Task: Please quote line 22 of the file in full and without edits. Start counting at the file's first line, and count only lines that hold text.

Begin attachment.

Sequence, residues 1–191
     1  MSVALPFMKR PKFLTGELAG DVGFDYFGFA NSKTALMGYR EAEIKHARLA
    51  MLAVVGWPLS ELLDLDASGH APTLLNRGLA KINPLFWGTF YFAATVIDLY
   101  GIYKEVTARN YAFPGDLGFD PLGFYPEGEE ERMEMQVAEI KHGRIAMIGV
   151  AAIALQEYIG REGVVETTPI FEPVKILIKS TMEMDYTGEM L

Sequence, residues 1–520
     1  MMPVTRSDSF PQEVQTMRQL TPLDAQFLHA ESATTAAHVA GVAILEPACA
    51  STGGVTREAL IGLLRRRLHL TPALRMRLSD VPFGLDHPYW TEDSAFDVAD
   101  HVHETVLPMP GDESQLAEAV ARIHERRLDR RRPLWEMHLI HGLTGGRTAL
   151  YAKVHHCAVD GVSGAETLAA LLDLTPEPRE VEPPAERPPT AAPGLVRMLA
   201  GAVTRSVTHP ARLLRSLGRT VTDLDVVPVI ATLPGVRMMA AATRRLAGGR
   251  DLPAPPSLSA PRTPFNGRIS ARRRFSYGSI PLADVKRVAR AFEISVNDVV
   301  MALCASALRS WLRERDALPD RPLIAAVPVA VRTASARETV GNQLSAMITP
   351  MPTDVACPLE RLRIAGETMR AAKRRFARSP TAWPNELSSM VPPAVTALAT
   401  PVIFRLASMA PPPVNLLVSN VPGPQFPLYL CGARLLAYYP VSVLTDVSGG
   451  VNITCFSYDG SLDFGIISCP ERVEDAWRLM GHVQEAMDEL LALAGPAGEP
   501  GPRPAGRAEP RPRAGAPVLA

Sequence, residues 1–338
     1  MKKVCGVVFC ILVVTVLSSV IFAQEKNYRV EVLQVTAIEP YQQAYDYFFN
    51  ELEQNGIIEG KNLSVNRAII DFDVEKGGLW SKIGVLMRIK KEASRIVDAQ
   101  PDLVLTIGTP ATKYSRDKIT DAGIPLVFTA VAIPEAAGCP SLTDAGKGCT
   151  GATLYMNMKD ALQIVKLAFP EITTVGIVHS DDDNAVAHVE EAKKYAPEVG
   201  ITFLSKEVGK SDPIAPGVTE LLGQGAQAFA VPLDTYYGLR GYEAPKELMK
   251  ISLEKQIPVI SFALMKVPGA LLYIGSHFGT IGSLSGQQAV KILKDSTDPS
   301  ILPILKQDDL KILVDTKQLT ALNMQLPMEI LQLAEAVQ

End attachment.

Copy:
   151  GATLYMNMKD ALQIVKLAFP EITTVGIVHS DDDNAVAHVE EAKKYAPEVG